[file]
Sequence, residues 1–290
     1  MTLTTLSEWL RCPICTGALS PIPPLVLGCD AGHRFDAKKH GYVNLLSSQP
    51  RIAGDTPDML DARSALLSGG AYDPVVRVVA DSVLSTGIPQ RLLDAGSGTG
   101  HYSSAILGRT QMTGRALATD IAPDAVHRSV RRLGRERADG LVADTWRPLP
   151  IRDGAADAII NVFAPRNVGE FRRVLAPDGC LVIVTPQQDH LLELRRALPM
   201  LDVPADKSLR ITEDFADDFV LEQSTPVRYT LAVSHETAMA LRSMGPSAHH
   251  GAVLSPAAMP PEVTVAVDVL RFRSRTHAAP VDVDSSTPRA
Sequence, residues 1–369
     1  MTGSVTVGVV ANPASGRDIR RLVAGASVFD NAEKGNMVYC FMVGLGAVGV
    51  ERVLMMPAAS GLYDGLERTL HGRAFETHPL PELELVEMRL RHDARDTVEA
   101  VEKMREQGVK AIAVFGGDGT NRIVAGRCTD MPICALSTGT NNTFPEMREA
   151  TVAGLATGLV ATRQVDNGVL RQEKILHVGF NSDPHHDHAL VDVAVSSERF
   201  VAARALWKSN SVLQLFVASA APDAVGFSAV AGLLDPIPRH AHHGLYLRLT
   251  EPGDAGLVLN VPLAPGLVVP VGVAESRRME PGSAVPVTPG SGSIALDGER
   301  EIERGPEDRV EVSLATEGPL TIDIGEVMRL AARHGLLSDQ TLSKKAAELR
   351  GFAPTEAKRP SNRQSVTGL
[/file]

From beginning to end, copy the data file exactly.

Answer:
Sequence, residues 1–290
     1  MTLTTLSEWL RCPICTGALS PIPPLVLGCD AGHRFDAKKH GYVNLLSSQP
    51  RIAGDTPDML DARSALLSGG AYDPVVRVVA DSVLSTGIPQ RLLDAGSGTG
   101  HYSSAILGRT QMTGRALATD IAPDAVHRSV RRLGRERADG LVADTWRPLP
   151  IRDGAADAII NVFAPRNVGE FRRVLAPDGC LVIVTPQQDH LLELRRALPM
   201  LDVPADKSLR ITEDFADDFV LEQSTPVRYT LAVSHETAMA LRSMGPSAHH
   251  GAVLSPAAMP PEVTVAVDVL RFRSRTHAAP VDVDSSTPRA
Sequence, residues 1–369
     1  MTGSVTVGVV ANPASGRDIR RLVAGASVFD NAEKGNMVYC FMVGLGAVGV
    51  ERVLMMPAAS GLYDGLERTL HGRAFETHPL PELELVEMRL RHDARDTVEA
   101  VEKMREQGVK AIAVFGGDGT NRIVAGRCTD MPICALSTGT NNTFPEMREA
   151  TVAGLATGLV ATRQVDNGVL RQEKILHVGF NSDPHHDHAL VDVAVSSERF
   201  VAARALWKSN SVLQLFVASA APDAVGFSAV AGLLDPIPRH AHHGLYLRLT
   251  EPGDAGLVLN VPLAPGLVVP VGVAESRRME PGSAVPVTPG SGSIALDGER
   301  EIERGPEDRV EVSLATEGPL TIDIGEVMRL AARHGLLSDQ TLSKKAAELR
   351  GFAPTEAKRP SNRQSVTGL